vxenon, preferably pro-dried, and Vacuum are employable.
in a dispersion of the sodium metal having an average
The reaction is fairly rapid so that relatively short
particle size of about '10 microns. To this dispersion
periods
of. reaction are required. Generally speaking,
is then added 80 parts of tetravinyllead and agitation at Ch 5
times longer
about ?ve hours are not needed and re
room temperature is continued for 2 hours. Vinyl sodium
action
periods
of
less than about 3 hours are preferred.
V is produced in a high yield.
Diluents or solvents are not essential to the process but
'can be used to particular advantage, as for example, heat
‘ Example V
Example I is repeated substituting potassium, rubidium, 70 distribution and solution. The organic solvents which are
essentially'inert under the reaction conditionsv and liquid
lithium with
or cesium metal in equivalent amount for the
the temperature being maintained at 20° C.
»Vinyl potassium, rubidium, or cesium are
high yield and can be used as obtained by
‘ without further separation.
for 2 hours.
obtained in
the reaction
are applicable. ' For such purpose the hydrocarbons,
' ethers, and tertiary amines have been found most suitable.
Among the hydrocarbons are included both aliphatic and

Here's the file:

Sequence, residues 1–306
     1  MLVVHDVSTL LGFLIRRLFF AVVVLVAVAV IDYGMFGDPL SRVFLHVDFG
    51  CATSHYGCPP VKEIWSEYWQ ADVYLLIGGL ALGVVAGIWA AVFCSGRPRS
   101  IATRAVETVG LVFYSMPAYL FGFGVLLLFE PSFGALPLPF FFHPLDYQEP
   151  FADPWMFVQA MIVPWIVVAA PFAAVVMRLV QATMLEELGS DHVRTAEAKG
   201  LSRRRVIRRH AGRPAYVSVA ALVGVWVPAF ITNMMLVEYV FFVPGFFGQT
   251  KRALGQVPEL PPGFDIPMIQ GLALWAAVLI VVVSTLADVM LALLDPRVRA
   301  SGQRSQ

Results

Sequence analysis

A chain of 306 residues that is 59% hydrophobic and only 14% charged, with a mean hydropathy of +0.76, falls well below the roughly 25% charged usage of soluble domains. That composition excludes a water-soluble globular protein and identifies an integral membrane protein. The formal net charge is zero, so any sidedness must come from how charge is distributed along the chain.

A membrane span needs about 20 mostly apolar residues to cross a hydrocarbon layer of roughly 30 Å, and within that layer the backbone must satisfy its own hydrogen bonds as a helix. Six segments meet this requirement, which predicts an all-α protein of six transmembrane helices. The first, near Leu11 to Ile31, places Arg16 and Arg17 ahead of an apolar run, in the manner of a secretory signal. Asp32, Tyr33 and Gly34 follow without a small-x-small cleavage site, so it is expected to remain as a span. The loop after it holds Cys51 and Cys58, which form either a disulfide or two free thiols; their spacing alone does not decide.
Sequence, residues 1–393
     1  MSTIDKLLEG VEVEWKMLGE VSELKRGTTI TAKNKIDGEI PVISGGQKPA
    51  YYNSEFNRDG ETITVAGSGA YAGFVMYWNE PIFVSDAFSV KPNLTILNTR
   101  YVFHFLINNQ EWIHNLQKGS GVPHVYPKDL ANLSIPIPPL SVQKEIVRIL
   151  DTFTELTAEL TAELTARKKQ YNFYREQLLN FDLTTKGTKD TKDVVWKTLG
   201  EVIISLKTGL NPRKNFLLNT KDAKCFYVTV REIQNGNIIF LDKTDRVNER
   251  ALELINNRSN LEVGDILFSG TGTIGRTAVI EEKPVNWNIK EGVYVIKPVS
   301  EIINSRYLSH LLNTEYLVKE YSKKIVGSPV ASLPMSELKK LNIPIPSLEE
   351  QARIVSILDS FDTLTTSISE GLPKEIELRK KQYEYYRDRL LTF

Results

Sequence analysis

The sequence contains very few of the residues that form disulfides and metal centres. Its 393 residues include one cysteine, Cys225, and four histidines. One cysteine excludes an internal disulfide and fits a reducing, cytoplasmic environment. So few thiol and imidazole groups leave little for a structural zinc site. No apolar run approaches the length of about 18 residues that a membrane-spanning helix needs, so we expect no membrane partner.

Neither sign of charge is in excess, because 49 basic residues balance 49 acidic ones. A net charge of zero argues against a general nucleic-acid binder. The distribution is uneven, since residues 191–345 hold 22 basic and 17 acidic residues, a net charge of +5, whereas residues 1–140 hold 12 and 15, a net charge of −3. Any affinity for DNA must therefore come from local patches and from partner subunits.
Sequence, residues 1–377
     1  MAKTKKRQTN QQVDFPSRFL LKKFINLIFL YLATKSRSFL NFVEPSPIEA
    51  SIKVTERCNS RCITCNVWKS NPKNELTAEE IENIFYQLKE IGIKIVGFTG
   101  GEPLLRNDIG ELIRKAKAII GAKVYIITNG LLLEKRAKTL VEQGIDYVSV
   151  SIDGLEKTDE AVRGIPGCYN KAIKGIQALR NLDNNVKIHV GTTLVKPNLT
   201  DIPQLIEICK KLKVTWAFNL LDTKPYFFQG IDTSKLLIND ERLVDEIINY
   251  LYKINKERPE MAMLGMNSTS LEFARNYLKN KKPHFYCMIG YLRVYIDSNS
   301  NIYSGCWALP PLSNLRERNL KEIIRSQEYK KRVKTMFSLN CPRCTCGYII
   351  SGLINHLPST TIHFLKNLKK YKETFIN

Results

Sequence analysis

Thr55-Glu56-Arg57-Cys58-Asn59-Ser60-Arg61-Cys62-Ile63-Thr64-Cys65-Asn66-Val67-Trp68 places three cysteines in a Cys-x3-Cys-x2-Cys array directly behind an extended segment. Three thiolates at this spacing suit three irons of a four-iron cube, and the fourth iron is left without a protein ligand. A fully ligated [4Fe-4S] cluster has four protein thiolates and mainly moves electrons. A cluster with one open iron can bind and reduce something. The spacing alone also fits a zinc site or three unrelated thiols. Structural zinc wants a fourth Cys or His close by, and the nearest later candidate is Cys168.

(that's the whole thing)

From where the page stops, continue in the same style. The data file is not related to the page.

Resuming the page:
75 aromatic materials as, for example, the hexanes, octanes,
3,059,036
6
5
preferred that they be used in amount between about
0.001 to 0.02 part by weight of the alkali metal.
The process of this invention provides products which
ether, dioctyl ether, methylamyl ether, diphenyl ether,
are of considerable utility, namely the vinyl alkali metal
dibenzyl ether, cyclic ethers, such as dioxane, tetrahydro
compounds. For example, such compounds can be em
furan and the polyethers as, for example, the dimethyl,
ployed for the formation of other vinyl metal compounds.
diethyl, dibutyl and the like ethers of ethylene glycol,
A typical example of such utility is the reaction of the
diethylene glycol, triethylene glycol, and tetraethylene
product obtained by Example I with arsenic trichloride
glycol. Included among the tertiary amines are, for ex
at room temperature whereby trivinyl arsine is obtained
ample, trimethyl amine, triethyl amine, tri-n-butyl amine,
triphenyl amine, dimethyl aniline, N-methyl piperdine, 10 in high yield. Likewise, when triethyl chlorosilane is
reacted with vinyl sodium, vinyl triethylsilane is obtained.
N-ethylmorpholine, and the like. While many of the
Another use of the products of this invention is reaction
ethers and amines will complex with certain reactants
with carbon dioxide to produce acrylic acid. Acrylic
and products, this does not hinder their use. For best re
sults in connection with fast reaction and easy recovery
acid is useful in the formation of polymers. Still further,
of the product vinyl metal compound either in solution or 15 the products can be used as catalysts or in catalyst formu
lations to be employed in the polymerization of ole?ns,
as a precipitate in accordance with the above discussion,
particularly ethylene, propylene, isoprene, isobutene, and
the ethers, particularly the simple or monoethers, e.g.
nonanes, cyclohexanes, benzene, tetralin and the like.
The ethers include, for example, diethyl ether, diamyl
copolymers thereof.
diethyl ether, having up to about 8 carbon atoms are pre
ferred especially when a lithium compound is desired.